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January 10, 1958


Appeal, No. 140, Jan. T., 1957, from judgment of Court of Oyer and Terminer and General Jail Delivery of Lackawanna County, Oct. T., 1953, No. 17, in case of Commonwealth of Pennsylvania v. Daniel Bolish. Judgment affirmed; reargument refused February 14, 1958.


William J. McDonald, with him Edwin Utan, for appellant.

Ralph P. Needle, Assistant District Attorney, with him Carlon M. O'Malley, District Attorney, for appellee.

Before Jones, C.j., Bell, Chidsey, Musmanno, Arnold, Jones and Coehn, JJ.

Author: Arnold

[ 391 Pa. Page 551]


Defendant had been convicted of the crime of murder in the first degree and the penalty fixed at death. On appeal (Commonwealth v. Bolish, 381 Pa. 500, 113 A.2d 464), while affirming the action of the court below on the principal question as to felony murder, the death having resulted from an act in furtherance of the criminal conspiracy, this Court reversed because of certain trial errors and granted a new trial. Upon retrial the jury rendered a verdict of guilty of murder in the first degree and fixed the penalty at life imprisonment. This appeal followed.

The facts in this case were fully reported in Commonwealth v. Bolish, 381 Pa. 500, 113 A.2d 464. A resume of what is more fully stated in the report of that case follows.

The Commonwealth contended that the decedent, Flynn, met his death as a result of arson, and that his death was a murder in the commission of a felony in which defendant was one of the principals. The Commonwealth's evidence was entirely circumstantial. In the early morning of July 22, 1953, an explosion, followed by fire, occurred in a house owned by Mrs. Mary Torti in Dunmore Borough, Lackawanna County. This house was of two stories, consisting of a kitchen and living room on the first floor and two bedrooms and bath on the second floor. It had been vacated several months prior to the explosion, at which time there was no furniture therein.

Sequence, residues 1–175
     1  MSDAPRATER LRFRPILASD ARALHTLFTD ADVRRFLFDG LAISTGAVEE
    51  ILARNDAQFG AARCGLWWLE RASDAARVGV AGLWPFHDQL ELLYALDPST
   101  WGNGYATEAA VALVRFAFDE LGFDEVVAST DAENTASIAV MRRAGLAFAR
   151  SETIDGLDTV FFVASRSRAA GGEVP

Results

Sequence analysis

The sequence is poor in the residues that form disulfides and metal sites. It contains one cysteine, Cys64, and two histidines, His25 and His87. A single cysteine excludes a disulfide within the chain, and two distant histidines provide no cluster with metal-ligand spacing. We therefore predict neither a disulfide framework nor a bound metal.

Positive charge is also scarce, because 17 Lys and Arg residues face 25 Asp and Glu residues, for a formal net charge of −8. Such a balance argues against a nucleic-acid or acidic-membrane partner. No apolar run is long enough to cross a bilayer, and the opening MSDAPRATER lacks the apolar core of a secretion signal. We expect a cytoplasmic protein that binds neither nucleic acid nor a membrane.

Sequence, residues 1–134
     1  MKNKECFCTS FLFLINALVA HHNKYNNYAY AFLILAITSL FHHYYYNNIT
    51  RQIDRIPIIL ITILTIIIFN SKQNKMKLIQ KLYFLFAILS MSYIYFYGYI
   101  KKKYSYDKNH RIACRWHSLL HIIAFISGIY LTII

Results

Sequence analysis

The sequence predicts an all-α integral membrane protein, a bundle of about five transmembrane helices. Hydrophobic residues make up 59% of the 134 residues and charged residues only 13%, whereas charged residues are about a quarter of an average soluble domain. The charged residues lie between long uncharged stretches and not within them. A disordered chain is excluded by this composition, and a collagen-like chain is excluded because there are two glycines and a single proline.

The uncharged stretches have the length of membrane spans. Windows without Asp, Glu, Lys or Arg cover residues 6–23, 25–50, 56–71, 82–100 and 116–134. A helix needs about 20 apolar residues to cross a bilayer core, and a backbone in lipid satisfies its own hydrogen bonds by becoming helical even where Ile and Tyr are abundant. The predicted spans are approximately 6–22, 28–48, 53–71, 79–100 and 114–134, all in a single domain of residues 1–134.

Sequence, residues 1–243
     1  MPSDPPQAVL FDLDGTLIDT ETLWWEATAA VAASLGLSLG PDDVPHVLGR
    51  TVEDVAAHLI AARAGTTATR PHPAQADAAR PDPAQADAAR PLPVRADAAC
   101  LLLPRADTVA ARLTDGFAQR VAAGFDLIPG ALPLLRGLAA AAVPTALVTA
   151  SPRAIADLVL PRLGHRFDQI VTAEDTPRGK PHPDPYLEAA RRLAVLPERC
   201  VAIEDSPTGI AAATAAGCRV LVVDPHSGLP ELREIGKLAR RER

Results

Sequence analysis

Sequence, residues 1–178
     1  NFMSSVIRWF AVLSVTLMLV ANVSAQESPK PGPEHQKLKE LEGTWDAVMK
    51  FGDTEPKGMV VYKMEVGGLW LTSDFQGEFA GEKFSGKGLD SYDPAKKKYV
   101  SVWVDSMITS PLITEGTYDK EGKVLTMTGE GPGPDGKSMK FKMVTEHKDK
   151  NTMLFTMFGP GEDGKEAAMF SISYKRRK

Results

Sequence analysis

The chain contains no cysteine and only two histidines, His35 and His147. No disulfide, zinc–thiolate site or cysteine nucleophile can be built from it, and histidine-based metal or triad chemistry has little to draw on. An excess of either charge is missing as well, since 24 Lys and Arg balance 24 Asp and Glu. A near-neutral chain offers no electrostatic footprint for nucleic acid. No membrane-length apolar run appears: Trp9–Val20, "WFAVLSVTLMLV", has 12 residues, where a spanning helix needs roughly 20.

Firemen arrived several minutes after the explosion and found the interior filled with intense heat, the woodwork and the walls scorched and burnt, and fire playing around the screen on the front door. The firemen found on the kitchen floor an electric hot plate and electric cord three feet long. The electricity was

[ 391 Pa. Page 552]

    turned on. The fire originated at or near the hot plate, near which a pad was found which gave off the odor of kerosene. Close by was broken glass which appeared to be parts of a glass jar in which had been placed some volatile substance. There was the odor of gasoline in the kitchen. According to Commonwealth's experts, the fire was caused by an explosion of volatile material on the hot plate. The odor of kerosene remained up to the date of trial, indicating that a large amount of kerosene had been on the floor. It was established that about 30 to 50 seconds after the electric current was applied to the hot plate or the volatile material thereon, and explosion would occur. When she had departed from the house, Mary Torti had cleaned and vacated it, and no hot plate had been left there.

Flynn, the deceased, was seen about four o'clock in the morning, on July 22 in a coal company's office in Dunmore. He was badly burned, sought water from a night watchman, and died nineteen hours later as a result of the burns. The Commonwealth established a trail of flesh, fragments of material, and discarded shoes, from the Torti house to within 150 feet of the coal company office. The Commonwealth's expert, Dr. Mary L. Willard, testified that in her opinion, hair adhering to the venetian blind in the Torti house came from the head of the deceased. The discarded shoes, previously mentioned, also belonged to Flynn. In short, the evidence was sufficient to prove, beyond a reasonable doubt, that Flynn was in the Torti house when the fire and explosion took place early in the morning of July 22nd, and that he died as a result of the fire.